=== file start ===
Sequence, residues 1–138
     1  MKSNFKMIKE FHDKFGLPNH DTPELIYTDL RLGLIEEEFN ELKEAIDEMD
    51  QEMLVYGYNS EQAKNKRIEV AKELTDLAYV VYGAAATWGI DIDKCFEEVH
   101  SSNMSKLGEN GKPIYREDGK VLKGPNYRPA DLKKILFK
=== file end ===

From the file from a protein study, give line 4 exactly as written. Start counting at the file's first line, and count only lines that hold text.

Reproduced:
   101  SSNMSKLGEN GKPIYREDGK VLKGPNYRPA DLKKILFK